New ACLU report can be read here.
The WSBA's Civil Rights Law Section supports the Washington Fair Chance Act:
Watch the January 25 House Labor & Workplace Standards Committee hearing.
Updated 4:53 pm: Hearing on SB 5312 will be on Wednesday, February 1 at 1:30. You can watch the hearing here: http://www.tvw.org/watch/?eventID=2017021030
150 cities and counties and 24 states have now adopted "ban the box" policies. The jurisdictions encompass 206 million people, roughly two-thirds of the United States.
A handful of recent studies have asserted that ban-the-box policies are in fact detrimental to job applicants they are supposed to be helping. Research published in the Harvard Law Review and a University of Michigan Law School paper argue that the policies exacerbate "statistical discrimination" in hiring -- that is, if employers can't find out upfront which of their job applicants have criminal records, then they will assume that the Black and Latino applicants have criminal records and avoid calling them back.
The National Employment Law Project (NELP) makes a good case to be very weary of the studies' conclusions:
Our review of the studies leads us to these top-line conclusions: (1) The core problem raised by the studies is not ban-the-box but entrenched racism in the hiring process, which manifests as racial profiling of African Americans as “criminals.” (2) Ban-the-box is working, both by increasing employment opportunities for people with records and by changing employer attitudes toward hiring people with records. (3) When closely scrutinized, the new studies do not support the conclusion that ban-the-box policies are responsible for the depressed hiring of African Americans. (4) The studies highlight the need for a more robust policy response to both boost job opportunities for people with records and tackle race discrimination in the hiring process—not a repeal of ban-the-box laws.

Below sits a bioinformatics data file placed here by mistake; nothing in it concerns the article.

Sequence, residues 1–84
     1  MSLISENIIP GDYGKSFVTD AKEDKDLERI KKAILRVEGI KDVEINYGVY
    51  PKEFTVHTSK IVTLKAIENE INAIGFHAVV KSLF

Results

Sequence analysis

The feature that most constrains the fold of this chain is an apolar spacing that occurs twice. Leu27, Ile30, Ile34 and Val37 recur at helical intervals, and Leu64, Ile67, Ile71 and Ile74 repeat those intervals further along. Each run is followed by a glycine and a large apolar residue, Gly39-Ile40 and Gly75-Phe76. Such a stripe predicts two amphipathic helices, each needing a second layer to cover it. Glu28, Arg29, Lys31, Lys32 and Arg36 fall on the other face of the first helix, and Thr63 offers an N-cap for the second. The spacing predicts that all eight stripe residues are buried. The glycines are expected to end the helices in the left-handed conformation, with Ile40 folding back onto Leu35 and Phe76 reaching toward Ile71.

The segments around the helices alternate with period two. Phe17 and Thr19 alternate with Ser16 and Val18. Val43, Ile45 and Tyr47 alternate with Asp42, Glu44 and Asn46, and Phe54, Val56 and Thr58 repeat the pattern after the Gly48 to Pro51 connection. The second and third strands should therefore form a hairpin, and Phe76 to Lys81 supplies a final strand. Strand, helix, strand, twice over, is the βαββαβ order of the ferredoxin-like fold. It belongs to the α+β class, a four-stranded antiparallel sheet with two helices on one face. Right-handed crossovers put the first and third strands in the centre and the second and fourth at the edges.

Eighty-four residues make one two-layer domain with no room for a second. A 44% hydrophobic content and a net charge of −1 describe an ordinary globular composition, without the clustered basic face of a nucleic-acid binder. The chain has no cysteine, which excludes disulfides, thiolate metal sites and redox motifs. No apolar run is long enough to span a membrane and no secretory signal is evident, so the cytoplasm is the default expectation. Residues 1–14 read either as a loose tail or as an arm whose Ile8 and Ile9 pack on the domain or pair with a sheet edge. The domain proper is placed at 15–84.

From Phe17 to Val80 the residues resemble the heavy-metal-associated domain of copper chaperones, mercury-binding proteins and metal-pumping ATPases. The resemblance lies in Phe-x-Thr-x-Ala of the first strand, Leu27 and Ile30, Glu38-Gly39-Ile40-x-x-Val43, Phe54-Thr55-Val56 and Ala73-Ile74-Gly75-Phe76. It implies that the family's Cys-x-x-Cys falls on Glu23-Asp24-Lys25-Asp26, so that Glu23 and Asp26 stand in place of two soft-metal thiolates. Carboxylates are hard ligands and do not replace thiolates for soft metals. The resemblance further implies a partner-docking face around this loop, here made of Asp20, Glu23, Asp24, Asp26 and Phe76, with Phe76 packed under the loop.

In following the lead of a growing number of cities and municipalities, Tacoma acknowledged the obvious: People with a criminal conviction on their records have a difficult time finding employment, and that has consequences for folks trying to overcome their pasts and turn their lives around, and for our community as a whole.
From the Vermont Governor's press release:
The bill (H.261), prohibits employers from asking questions about prior criminal convictions on an initial job application, allowing applicants to be judged on their work history and qualifications rather than on a mistake made in their past. Employers will still be allowed to ask questions in later stages of the hiring process and the law provides exemptions for certain positions where a criminal conviction would automatically disqualify an applicant due to state or federal law.
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